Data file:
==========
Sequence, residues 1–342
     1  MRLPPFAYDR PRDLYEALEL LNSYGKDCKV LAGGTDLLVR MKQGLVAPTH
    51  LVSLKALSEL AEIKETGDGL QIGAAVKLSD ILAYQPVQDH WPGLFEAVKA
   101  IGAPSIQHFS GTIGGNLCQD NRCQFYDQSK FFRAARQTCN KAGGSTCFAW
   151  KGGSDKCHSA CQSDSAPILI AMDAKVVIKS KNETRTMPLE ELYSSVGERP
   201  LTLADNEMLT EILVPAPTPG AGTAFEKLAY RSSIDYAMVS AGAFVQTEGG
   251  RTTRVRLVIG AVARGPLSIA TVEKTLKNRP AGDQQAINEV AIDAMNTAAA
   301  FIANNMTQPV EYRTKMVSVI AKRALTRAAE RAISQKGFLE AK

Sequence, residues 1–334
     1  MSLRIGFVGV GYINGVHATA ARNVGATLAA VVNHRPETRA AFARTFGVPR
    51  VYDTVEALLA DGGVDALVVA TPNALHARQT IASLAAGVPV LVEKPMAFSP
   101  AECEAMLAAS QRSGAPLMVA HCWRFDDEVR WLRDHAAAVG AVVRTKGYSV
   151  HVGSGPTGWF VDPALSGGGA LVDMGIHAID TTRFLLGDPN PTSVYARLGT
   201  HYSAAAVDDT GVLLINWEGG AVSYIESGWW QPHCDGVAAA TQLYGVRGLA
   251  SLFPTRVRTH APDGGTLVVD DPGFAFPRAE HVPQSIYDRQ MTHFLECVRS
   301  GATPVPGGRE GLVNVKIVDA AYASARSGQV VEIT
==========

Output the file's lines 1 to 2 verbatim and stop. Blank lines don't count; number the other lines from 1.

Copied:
Sequence, residues 1–342
     1  MRLPPFAYDR PRDLYEALEL LNSYGKDCKV LAGGTDLLVR MKQGLVAPTH